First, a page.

Author + information
- Anna Lisa Crowleya,b,
- Eric Yowa,b,
- Dawn Rabineaua,b,
- Huiman Barnharta,b,
- Jennifer Whitea,b,
- Eric Velazqueza,b,
- Melissa Dauberta,b,
- Mitchell Krucoffa,b,
- Sunil Raoa,b and
- Pamela S. Douglasa,b
Background: Image quality is critical to the data consistency and completeness required for multicenter research. Core labs improve measurement quality but little is known about best practices in fostering image quality. For PRESERVATION 1, we designed and tested the impact of a novel, real time core lab-site Quality Improvement (QI) interaction on image quality and measurability.
Methods: PRESERVATION 1 (N=303; 61 sites) was an international randomized trial of STEMI patients whose primary endpoint was echo (3D or 2D) change in LV volume (LVV) from baseline to 6 months. The QI process consisted of initial site training with hands-on demonstration, site sonographer certification based on image quality, benchmarked quarterly feedback on image quality, and retraining as needed. To assess the impact of this QI process, a primary QI endpoint of measureable subject echo pairs (baseline + 6 months) for LVV and secondary endpoint of site quarterly measurability score were used. Median regression determined the association between site characteristics and quarterly measurability scores. Wilcoxon rank sum test assessed differences in measurability scores between sites which completed indicated retraining and those who didn't.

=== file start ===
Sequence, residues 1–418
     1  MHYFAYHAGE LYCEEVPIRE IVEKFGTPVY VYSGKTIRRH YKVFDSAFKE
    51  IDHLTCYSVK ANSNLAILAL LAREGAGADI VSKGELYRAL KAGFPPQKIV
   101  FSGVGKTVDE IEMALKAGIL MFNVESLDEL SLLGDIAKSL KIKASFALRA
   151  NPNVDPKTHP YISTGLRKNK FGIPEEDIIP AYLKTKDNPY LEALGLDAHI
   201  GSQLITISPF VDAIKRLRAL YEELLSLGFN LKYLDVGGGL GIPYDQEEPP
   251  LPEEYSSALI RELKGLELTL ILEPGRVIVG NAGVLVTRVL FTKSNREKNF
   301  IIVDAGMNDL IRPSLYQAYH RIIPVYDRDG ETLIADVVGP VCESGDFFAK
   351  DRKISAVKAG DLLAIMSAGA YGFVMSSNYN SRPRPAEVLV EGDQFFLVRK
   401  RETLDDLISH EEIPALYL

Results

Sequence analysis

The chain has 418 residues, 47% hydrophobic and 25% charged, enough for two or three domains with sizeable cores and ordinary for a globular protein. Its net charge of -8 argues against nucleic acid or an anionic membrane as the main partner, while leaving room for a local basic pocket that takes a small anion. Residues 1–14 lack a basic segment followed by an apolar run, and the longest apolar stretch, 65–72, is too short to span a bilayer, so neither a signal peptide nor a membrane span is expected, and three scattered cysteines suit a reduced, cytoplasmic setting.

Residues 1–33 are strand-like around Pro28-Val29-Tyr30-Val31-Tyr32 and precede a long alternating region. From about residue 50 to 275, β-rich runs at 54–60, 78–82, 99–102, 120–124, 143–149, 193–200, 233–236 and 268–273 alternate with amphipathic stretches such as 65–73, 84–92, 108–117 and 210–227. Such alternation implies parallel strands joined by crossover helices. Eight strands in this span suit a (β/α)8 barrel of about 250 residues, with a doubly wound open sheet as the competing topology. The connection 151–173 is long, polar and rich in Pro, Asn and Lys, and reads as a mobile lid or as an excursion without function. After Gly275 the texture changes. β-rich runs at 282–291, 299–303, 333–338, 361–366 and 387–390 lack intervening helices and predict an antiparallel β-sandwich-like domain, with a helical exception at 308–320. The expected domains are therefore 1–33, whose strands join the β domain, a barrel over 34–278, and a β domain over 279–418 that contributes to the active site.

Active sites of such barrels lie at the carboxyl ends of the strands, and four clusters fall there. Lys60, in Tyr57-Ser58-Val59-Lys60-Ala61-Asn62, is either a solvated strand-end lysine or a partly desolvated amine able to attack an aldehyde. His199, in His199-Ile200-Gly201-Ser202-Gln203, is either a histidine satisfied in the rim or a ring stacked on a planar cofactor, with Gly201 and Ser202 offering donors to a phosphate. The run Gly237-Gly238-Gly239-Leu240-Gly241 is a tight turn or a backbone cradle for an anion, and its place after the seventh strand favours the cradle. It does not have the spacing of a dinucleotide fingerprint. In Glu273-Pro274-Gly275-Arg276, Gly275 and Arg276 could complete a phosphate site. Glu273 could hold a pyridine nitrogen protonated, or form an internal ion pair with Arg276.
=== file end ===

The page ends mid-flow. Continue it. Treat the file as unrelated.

Results: Measurable echo pairs were obtained in 279 subjects (92%). Of these, 74% were obtained by 3D; 26% by 2D. Median site quarterly 3D measurability score was 69% (IQR: 50-94). Multivariable predictors of high 3D quarterly measurability scores were not needing retraining (p=0.01), few queries (p<0.001), early certification (p=0.04), and high enrollment (p=0.03). Among 41 sites whose low score (<85%) indicated a need for 3D retraining, those completing it (n=15) increased measurability scores in the following quarter after retraining vs. those who did not retrain (n=26) (13.4% vs. 2.3% respectively; p=0.004), but improvement was not sustained.
Conclusions: A novel, rigorous QI process is time consuming but feasible. It resulted in a high proportion of measureable 3D echo data compared to historical controls, and the ability to use echo data as a primary trial endpoint. Such processes may be essential to generate high quality imaging data in randomized trials.
Poster Hall, Hall C
Saturday, March 18, 2017, 9:45 a.m.-10:30 a.m.
Session Title: Innovative Use of Echocardiography
Abstract Category: 28. Non Invasive Imaging: Echo
Presentation Number: 1197-214
- 2017 American College of Cardiology Foundation